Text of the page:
6 How long is a piece of string my friend, training should be little and often, but I think you got to Bond first because you have a nervous little dog, bitches I have found are not more difficult to train no more difficult than males but then I have never found over the years that training a dog was difficult anyway because of the reward and enjoyment I get from it

Hope this helps pal

Thanks Macb

I'll keep all that in mind too. Will try to get my gf on board too - as much as possible. But at present the dog is very attached to her and rather wary of me. So I don't want her there too much or the dog will not bother bonding with me at all.

le

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first:

having mostly worked with large animals and large dogs, i have been 'reprogrammed' in training ideas with our newest and most spoiled addition: foofoo the lhasa apso....

i am petite but am very dominant (size is all in the mind): so i learned to 'tone down' my voice, actions, etc: i got down to foofoo's eye level and spent time (15 minutes is a long time for a young dog) playing and gently handling him every day; i used nienke's treats method (i always keep something small and tasty in the pocket) and would call out: foofoo and when he would look at me, he got the snack (remember: dinky small pieces... the dog never notices if its a lot or a little, as long as he got the tasty tidbit, i mean fingernail size pieces) -- thats the start of attention training. to get him to notice u.

training is a daily minute by minute thing. it is not like u program the dog, and then it works. it is an ongoing forever process like raising a child. even a well behaved dog needs to have reinforcements for good behaviors and all dogs learn (from us usually) bad habits that have to be reshaped.

if u are calm, then the dog will calm down...

as for u and your girlfriend: agree ahead of time on some rules: is the dog allowed on the sofa? is he allowed outside offlead? can he sit at the dinner table or should he wait in his bed until u finish eating? once u decide on a few rules, u should both stick to them, although dogs very early learn who has which rules.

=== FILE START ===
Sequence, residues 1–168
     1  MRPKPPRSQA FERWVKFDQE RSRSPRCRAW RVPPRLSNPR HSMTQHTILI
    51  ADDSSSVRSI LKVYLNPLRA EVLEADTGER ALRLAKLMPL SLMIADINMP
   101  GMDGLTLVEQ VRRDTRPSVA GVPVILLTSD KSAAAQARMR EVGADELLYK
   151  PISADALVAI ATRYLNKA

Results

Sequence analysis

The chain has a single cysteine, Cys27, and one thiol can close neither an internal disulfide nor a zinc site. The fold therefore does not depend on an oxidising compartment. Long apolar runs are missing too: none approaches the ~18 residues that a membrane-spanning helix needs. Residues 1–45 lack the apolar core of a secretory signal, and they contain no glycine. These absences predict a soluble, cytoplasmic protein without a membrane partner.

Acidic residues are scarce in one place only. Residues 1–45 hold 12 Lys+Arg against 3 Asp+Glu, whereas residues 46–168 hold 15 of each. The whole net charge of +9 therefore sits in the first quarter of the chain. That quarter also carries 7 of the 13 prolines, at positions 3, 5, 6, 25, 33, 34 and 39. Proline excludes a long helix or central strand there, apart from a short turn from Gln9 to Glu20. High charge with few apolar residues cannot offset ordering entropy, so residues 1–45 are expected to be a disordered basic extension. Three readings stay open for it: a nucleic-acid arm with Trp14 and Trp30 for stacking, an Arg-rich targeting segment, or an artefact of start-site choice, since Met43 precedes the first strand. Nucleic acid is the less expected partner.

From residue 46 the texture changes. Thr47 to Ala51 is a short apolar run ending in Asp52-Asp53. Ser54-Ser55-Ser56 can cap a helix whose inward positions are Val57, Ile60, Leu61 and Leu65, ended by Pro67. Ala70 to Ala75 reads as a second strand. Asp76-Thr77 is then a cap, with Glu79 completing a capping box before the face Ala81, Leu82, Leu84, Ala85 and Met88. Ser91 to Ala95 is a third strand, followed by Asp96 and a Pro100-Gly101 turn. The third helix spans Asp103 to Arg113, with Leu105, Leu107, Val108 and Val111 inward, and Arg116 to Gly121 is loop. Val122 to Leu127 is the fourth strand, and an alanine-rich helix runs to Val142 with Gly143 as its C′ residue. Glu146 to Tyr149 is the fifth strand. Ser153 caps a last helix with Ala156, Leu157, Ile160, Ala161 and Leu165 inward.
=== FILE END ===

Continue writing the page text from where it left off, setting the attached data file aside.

example: my husband refuses to have foofoo in the bed. foofoo has learned that when anon is in the shower, foofoo can come in to the bedroom, sit on the bed (bed is on the floor) and say hi to me. when he hears the shower turned off, he runs off and waits outside the bedroom.

speak with your dog, in a calm low voice using his name: foofoo wants to go for a walk? where's foofoo's leash? foofoo, lets walk.

u may sound like a baby talker, but it helps the dog and u bond. this baby talk babble is not for use when giving instructions... in which case u will use a firm, calm tone: foofoo, lets go (for when going on the leash). remember that both u and your girlfriend must use the same words/cues when giving instructions, although most dogs learn quickly, several words in whatever languages are spoken at home for most things. foofoo speaks thai and hebrew. nala the boxer speaks hebrew and english. nero (rip) spoke finish and hebrew.

foofoo being a very small dog and a one person dog, i found harder to work with then the boxer and he is much more 'mine' then anon's.

good luck

bina

forgot: try playing, then a short training session in an enclosed area at first, then a play session... u have to see what makes the dog tick: he likes to chase balls? then play ball. he likes walks, then walk and talk. he likes to be brushed, thats good , use that as a reward after a session EVEN IF HE DIDNT DO THINGS LIKE U THINK HE SHOULD.